These are the gnats and mosquitoes there are about 3000 species world wide, and 34 British species, many of medical and veterinary importance, e.g. some species transmit the pathogens which cause malaria (see Anopheles maculipennis below), yellow fever (see Aedes aegypti below right), filariasis and dengue. It is the females who suck blood to get the protein needed to produce eggs. Dengue fever was eradicated from the USA in the 1950s by DDT spraying; it has now made a comeback, and is being transmitted today in Houston, and perhaps other places. Dengue in its acute form is thought to affect 110,000 - 200,000 people annually in the USA.
Before modern medicine, mosquitoes were used in the treatment of syphilis. The malarial fever passed on by the mosquito to the human could raise the human body temperature above 40oC, and this halted the progress of syphilis. Having malaria was very much the lesser of two evils.
Most of the British adults are less than 6 mm long, have long legs and clear wings.
The adults have mouthparts adapted to both pierce and suck. The antennae have 13 segments and are plumed in the male. The way to tell a male (non-biting) from a female (biting) is to look at the antennae. The male has very bushy, plumose antennae, whilst the female has simple antennae.
The antennae of the male is precisely tuned to pick up the exact frequency of the female's whining flight. This enables him to locate a suitable mate.The larvae and pupae are active swimmers. Above right is the larva of the common gnat (Culex pipiens). The eggs are laid on stagnant water surface (in the U. K. this is usually from April onwards) and the larva are aquatic. The larva feed on protozoans and other small organisms. They breathe through a tiny snorkel-like tube, so an oil film spread on water will cause them to die as the tube cannot break through the film.
After pupating the males feed on nectar and plant juices. Generally the males hatch a few minutes before the females, and dance in the air waiting for females to emerge. In most species the females need a blood meal in order to lay eggs.
Individuals rarely fly more than a few hundred metres from their hatching site, however mass invasions of towns can occur from as far as 100 kilometres.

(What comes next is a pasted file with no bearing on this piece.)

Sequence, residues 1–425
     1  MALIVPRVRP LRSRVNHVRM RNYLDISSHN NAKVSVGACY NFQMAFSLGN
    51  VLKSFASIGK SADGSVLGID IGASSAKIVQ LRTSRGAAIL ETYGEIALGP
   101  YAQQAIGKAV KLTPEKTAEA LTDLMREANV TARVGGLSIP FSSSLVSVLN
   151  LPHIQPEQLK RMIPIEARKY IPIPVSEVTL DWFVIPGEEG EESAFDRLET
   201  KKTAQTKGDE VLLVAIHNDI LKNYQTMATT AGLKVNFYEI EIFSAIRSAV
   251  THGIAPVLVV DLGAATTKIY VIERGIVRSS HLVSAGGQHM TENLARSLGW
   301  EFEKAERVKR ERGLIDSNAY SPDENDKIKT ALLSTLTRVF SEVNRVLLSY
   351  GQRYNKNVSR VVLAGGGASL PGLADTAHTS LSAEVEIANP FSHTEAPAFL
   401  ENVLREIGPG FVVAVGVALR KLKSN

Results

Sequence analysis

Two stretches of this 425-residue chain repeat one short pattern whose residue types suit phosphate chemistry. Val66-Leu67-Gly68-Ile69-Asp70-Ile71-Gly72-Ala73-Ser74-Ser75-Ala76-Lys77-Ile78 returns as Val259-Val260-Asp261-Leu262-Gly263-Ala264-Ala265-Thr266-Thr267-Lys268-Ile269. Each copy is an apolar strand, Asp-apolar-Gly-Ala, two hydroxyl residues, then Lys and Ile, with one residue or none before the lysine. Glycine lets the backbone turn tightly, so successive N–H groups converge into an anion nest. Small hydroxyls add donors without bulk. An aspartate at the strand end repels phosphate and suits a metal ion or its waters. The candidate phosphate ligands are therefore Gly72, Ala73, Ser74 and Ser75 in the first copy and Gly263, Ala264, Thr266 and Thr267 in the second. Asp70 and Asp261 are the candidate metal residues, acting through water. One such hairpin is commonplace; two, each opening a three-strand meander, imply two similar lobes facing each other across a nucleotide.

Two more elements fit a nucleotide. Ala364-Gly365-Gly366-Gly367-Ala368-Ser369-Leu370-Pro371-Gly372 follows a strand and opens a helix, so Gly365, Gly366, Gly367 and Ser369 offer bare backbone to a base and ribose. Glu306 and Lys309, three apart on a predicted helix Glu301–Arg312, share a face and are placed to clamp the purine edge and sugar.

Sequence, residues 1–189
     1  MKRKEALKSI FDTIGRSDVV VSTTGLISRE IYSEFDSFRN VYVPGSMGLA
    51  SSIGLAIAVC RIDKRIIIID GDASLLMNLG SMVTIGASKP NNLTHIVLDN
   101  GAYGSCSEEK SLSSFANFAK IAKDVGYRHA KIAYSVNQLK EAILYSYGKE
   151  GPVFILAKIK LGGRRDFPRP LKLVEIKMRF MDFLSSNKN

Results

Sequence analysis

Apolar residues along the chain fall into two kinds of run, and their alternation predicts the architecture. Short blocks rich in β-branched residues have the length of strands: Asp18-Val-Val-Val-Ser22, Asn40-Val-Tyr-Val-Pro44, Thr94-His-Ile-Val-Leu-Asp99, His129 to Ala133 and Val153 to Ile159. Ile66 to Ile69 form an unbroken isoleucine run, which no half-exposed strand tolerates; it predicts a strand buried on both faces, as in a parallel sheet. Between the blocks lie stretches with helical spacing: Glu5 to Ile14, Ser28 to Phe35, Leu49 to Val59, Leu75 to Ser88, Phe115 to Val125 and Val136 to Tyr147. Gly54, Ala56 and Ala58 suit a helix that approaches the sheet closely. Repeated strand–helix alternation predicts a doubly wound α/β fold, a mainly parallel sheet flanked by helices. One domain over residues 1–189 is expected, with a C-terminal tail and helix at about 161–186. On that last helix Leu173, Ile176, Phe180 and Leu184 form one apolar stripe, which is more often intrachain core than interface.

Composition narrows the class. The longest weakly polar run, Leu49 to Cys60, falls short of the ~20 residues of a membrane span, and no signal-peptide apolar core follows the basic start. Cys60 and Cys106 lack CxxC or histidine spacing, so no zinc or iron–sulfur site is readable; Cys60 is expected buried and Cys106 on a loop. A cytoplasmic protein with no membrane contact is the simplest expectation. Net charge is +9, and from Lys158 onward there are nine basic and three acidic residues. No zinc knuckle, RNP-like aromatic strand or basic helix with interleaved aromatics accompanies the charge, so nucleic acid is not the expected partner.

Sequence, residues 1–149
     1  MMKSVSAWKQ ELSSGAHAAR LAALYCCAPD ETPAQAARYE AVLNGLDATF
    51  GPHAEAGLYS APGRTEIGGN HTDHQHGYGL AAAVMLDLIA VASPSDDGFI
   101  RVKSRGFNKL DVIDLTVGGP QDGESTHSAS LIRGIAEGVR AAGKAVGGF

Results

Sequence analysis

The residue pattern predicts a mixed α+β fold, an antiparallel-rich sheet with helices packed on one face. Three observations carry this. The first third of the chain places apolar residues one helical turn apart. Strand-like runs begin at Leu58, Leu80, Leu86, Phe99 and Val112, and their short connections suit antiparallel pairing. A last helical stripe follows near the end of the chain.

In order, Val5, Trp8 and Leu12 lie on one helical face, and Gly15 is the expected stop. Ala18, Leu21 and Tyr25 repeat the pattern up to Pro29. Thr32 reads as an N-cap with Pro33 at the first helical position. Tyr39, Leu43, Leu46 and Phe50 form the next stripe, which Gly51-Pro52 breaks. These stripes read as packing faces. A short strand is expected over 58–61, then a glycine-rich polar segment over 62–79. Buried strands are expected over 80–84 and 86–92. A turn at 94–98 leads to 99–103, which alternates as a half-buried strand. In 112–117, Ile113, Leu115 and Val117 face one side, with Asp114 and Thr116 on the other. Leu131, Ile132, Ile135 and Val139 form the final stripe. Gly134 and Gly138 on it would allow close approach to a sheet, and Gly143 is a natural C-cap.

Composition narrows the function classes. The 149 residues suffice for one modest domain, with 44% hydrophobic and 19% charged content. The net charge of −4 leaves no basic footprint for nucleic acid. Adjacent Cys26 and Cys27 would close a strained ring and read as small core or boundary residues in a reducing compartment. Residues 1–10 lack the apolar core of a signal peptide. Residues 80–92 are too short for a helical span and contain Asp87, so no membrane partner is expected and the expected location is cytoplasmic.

The common gnat usually gets her blood meal from birds, not man. Females of the common gnat hibernate as adults though the winter. They will have already mated and the males will all die once the weather gets cold.
When the female punctures skin she injects an anaesthetic which deadens the pain, and an anticoagulant to stop the blood clotting and to thin it making flow up her tubular tongue. She can drink up to three or four times her body weight in blood. In the U. K. the Culex pipiens does not transmit disease, but in some countries it transmits West Nile Virus.
Adult males live for just over a week, but females can live as long as a month, and if it gets cold before she has laid her eggs she can hibernate. In temperate climates there can be 15 generations in the spring, summer, autumn period.
Above left is the pupa of a Culex sp. mosquito. It has breathing tubes, and at rest it lies suspended in the water with its breathing tubes just pushed slightly above the surface.
On the right is an adult Anopheles maculipennis, a malarial mosquito. The abdomen has 8 segments.
The female lays her eggs on, or very near water in batches of 40 - 100. The larvae hatch in 2 or 3 days and feed on particles (mainly algae) in the water. When conditions are favourable the transition from larva to pupa can take as little as a week, during which the larva will moult 4 times. The pupal stage is more active and lasts for 2 or 3 days. When the adult is about to emerge the pupa straightens, sucks in air and floats to the surface. The skin splits longitudinally along the thorax, and the adult emerges.